Although any of these would have been a job in itself for any one project, the constructors involved in this renovation and re-building of an entire city block of downtown Wichita all concur that the major challenge was the grueling time schedule.
"Demolition on the project started in January 2000, and had to be entirely completed for tenant move-in by Christmas of the same year," says Roger Roper, president of Dynamic Drywall Inc., of Wichita, Kan., the wall and ceiling contractor on the job.
Dynamic Drywall's involvement on the project was extensive. In the renovated sections it included framing interior walls with light-gauge metal, installing insulation, hanging and finishing drywall, the installation of plywood subfloors, application of lightweight gypsum concrete flooring, and installation of a limited amount of acoustic ceilings. On the new Tower Annex construction, its role was expanded to include structural metal stud framing, plywood roof decking and exterior sheathing.
"The large amount of demolition work and structural improvements had to be completed before we could even start our part of the job," says Roper. "Then we had to allow time for them to come in and do the rest of the pretties afterwards--the trim, paint, carpeting, etc. That meant our actual time on site was limited to about six months."
Please make up my room nowBy any measure, the project was ambitious, especially given its construction schedule. Its goal was to provide modern apartment and retail space in an entire city block area of downtown Wichita while preserving one of the city's most historic landmarks.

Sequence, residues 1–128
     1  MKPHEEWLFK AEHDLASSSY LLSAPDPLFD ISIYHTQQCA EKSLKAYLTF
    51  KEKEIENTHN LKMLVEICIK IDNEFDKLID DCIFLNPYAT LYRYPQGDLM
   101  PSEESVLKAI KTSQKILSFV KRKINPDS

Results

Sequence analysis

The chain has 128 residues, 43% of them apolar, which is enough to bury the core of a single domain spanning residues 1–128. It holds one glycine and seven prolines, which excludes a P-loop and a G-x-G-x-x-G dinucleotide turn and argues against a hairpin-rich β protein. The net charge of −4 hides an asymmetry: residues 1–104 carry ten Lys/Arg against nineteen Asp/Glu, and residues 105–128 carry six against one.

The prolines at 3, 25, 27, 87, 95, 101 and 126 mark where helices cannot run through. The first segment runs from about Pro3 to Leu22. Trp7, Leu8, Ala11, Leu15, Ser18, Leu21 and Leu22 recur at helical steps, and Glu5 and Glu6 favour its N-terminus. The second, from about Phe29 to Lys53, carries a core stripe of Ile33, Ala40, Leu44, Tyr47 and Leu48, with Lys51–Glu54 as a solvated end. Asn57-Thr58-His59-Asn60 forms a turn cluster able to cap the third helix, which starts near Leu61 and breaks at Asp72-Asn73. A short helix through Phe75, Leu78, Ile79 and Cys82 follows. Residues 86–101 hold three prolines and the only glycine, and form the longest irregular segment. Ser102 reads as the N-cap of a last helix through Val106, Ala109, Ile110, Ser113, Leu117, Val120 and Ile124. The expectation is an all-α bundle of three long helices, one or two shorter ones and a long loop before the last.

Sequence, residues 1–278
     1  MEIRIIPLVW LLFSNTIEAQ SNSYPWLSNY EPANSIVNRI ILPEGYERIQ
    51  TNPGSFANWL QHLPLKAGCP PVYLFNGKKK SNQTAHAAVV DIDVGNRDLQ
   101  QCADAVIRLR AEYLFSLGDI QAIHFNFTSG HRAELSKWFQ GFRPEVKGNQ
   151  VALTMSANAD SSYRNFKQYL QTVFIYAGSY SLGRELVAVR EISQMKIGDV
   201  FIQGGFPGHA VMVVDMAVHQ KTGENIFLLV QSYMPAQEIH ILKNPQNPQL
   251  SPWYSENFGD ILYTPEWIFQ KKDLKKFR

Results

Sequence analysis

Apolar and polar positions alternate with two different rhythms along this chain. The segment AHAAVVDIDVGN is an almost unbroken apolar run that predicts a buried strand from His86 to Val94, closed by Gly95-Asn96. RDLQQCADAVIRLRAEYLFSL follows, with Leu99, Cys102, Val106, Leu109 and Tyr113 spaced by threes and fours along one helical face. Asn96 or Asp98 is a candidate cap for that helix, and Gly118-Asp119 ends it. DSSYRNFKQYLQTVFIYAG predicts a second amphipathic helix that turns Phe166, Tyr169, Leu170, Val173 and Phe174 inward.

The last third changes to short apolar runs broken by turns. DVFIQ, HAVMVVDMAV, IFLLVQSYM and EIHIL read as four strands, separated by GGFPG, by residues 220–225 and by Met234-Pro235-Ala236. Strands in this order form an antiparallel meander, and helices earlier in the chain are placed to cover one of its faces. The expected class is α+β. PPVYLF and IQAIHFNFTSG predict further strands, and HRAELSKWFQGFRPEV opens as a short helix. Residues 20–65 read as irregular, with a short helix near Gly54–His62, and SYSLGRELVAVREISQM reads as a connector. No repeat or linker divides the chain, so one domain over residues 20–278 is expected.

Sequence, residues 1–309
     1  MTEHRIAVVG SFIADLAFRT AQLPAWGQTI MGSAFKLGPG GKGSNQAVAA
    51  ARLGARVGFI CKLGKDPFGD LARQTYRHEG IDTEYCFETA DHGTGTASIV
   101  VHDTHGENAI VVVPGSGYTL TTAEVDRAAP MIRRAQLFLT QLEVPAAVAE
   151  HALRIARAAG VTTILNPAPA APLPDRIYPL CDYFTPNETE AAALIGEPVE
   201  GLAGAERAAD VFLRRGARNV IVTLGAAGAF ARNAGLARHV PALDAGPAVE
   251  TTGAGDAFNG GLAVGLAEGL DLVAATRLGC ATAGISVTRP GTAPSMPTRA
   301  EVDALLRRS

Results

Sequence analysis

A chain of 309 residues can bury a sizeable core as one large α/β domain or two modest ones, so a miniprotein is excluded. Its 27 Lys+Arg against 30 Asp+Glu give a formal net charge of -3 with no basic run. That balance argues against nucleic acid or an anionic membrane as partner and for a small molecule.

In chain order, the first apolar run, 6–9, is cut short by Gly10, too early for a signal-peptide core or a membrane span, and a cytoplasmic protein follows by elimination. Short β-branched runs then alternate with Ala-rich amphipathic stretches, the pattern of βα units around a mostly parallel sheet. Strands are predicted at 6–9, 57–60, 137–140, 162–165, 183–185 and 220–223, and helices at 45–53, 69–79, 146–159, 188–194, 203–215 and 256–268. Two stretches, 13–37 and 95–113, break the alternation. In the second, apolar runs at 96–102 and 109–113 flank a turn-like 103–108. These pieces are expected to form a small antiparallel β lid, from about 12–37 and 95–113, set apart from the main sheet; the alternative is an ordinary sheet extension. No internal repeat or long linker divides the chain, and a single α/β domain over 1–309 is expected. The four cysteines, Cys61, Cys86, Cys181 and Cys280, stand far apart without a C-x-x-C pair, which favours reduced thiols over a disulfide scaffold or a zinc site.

First opened on Dec. 31, 1889, with construction costs of $120,000, the Eaton Hotel, then named the Carey Hotel, was touted as the most elegant hotel in the Plains states. By the 1990s, however, the hotel had fallen into complete disrepair, and was much more of a tenement for the down-and-out than the luxury accommodations for the well-heeled. It was abandoned and deteriorating when it was taken over by the city of Wichita.
The city, which backed the $15 million project with around $7 million from city-issued tax-exempt bonds, then became the biggest backer of the rebuilding of what is now known as the Eaton Block. The Block includes the existing hotel--which is listed on the Wichita and national registers of historic places--and adjoining buildings, and the new six-story Tower Annex, connected to the hotel via an enclosed walkway.